Rowe also charged that the then mayor of Birmingham, Arthur Hanes, was a "card-carrying member of the Ku Klux Klan" during the early days of civil rights violence in Birmingham.
"That's fact," he said of his allegations against Hanes. "I personally turned in his Klan application to the FBI."
Hanes succeeded Matt H. Murphy Jr., who was killed in an automobile accident, as the defense attorney for the Klansmen who were charged in the Liuzzo case. Hanes could not be reached for comment yesterday. But his son, Arthur Hanes Jr., also a Birmingham lawyer, dismissed as an "outrageous lie" Rowe's charge that his father was a member of the Klan.
"That's really something," said the younger Hanes. "I can't believe that. It's the most outrageous lie I ever heard."
LeGrand, meanwhile, was on vacation yesterday and could not be reached for comment. But in a recent interview with The Post, he accused Rowe of being "an opportunist, a man who tries to play both ends against the middle."
He noted that Rowe has received a total of $50,000 for his book and movie rights, and scoffed at a suggestion that the Birmingham Police Department is taking an unusual new interest in a case - the church bombing - in which the department has made little progress in the last 15 years.
"We have been working all along to solve these murders," LeGrand said. "We have put a hell of a lot of our lives into this."
Still, the only conviction to come in the church bombing incident came last year largely as a result of the work of Alabama Attorney General William J. Baxley. And Baxley said he is convinced that the man convicted in the case, former Klansman Robert Chambliss, acted without any help from Rowe.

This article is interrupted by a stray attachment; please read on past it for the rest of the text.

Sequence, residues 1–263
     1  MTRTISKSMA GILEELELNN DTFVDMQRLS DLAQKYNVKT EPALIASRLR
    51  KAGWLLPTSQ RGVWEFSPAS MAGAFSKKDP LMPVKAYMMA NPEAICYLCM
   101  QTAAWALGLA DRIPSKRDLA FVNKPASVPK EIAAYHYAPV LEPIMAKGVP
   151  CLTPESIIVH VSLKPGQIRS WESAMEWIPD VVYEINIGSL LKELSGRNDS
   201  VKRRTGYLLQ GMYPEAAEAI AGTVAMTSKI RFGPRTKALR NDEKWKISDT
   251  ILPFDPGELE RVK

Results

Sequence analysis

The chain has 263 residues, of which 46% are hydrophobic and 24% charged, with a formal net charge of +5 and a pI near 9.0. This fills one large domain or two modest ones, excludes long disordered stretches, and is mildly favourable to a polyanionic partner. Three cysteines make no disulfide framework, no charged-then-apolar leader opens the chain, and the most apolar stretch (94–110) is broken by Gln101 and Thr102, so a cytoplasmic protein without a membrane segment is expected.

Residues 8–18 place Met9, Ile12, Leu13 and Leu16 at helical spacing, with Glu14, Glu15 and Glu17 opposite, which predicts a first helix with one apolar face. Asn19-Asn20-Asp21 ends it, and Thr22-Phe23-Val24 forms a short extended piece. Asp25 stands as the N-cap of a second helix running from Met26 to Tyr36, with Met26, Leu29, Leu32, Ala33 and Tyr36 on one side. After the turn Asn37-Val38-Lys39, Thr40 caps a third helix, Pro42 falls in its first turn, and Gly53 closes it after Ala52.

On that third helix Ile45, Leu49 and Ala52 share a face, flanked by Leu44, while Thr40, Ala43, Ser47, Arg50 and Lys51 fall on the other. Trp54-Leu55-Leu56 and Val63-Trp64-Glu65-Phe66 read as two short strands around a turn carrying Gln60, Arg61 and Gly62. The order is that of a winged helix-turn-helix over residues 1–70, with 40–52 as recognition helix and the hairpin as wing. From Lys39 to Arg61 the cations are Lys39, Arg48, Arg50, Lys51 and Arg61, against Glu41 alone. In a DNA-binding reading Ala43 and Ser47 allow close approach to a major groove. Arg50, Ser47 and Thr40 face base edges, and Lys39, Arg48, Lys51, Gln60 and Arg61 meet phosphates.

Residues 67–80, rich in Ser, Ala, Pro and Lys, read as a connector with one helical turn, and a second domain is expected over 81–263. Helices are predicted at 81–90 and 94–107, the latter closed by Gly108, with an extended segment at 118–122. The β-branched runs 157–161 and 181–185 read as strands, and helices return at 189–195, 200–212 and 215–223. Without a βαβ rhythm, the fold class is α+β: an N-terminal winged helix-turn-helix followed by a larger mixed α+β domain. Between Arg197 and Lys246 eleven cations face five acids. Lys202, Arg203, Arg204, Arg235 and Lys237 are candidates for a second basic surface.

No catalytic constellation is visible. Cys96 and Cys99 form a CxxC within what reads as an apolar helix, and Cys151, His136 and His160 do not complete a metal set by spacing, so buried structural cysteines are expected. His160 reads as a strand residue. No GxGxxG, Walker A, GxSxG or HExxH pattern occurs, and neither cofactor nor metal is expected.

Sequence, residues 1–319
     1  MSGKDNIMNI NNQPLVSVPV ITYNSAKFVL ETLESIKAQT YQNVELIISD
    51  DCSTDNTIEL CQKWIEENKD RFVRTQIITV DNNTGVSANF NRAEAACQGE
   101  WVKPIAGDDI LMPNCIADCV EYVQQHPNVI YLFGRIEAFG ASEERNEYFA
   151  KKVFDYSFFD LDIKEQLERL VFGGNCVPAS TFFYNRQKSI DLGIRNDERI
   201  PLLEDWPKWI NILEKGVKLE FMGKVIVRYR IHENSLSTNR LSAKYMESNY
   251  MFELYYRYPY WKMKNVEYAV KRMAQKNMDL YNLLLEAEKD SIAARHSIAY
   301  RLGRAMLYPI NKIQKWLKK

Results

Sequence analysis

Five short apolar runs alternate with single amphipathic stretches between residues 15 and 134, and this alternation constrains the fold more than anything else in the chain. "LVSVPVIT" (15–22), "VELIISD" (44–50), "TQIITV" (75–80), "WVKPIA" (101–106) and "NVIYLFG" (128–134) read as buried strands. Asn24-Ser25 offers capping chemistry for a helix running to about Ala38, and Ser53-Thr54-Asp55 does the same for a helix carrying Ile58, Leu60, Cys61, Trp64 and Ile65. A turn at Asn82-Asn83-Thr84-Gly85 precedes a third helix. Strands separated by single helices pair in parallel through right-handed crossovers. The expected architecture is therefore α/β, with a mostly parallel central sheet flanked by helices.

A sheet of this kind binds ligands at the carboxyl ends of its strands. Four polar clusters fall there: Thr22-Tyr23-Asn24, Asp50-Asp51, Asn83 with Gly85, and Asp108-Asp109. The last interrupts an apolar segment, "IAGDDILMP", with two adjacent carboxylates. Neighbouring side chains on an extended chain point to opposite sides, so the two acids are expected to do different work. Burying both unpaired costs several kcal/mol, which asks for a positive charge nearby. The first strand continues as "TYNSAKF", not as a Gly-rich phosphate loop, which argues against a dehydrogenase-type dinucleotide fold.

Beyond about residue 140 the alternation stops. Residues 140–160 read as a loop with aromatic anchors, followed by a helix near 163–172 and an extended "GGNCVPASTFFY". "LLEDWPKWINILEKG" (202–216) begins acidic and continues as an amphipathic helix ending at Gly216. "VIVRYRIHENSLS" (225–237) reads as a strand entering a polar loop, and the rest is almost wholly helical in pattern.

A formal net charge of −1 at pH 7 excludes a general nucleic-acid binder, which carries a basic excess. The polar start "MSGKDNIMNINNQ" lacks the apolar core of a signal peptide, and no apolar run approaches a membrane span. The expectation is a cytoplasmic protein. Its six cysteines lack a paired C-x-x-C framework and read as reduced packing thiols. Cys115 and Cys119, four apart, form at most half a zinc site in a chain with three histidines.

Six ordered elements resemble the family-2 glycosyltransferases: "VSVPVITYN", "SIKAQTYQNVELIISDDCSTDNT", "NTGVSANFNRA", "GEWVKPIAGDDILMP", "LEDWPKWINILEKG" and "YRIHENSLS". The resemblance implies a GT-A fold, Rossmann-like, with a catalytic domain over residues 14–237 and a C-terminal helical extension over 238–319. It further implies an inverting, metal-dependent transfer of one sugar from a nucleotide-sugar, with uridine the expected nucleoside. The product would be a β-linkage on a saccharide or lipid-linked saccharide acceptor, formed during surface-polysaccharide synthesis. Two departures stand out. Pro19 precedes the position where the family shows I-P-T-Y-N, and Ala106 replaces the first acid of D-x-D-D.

"I don't understand why all of this stuff is coming out now. All of his stuff is old." Baxley told Newsweek about the latest flurry of allegations against the ex-FBI informer.
Could Rowe be right?
"It might be possible" that someone is trying to undercut the NBC film, said Paul Klein, NBC's executive vice president for programming.
"I don't know what's happening, and I haven't had a chance to look at the film yet. But my understanding is that it is sort of an antiSouthern big city film," Klein said.
Rowe's book, ghost-written, depicts him as a dedicated American, risking his life to undermine an anti-American organization. NBC officials say the movie, starring sportscaster and former football player Don Meredith as Rowe, is not as flattering, but that it is sympathetic to his self-portrayal.
But what if LeGrand is right and Rowe is lying?
"We simply would have to remake the movie, change the whole focus, move a piece [of the original film] here and put another piece there. We'd find some way to salvage it . . . We're not going to eat all of the dollars that we're invested into this thing.We'll try to make something out of it," Klein said.
Published estimates are the NBC has already spent at least $1 million on the movie, which is completed and, according to NBC, is now being evaluated by lawyers. It can be aired anytime in the next two of three years, Klein said.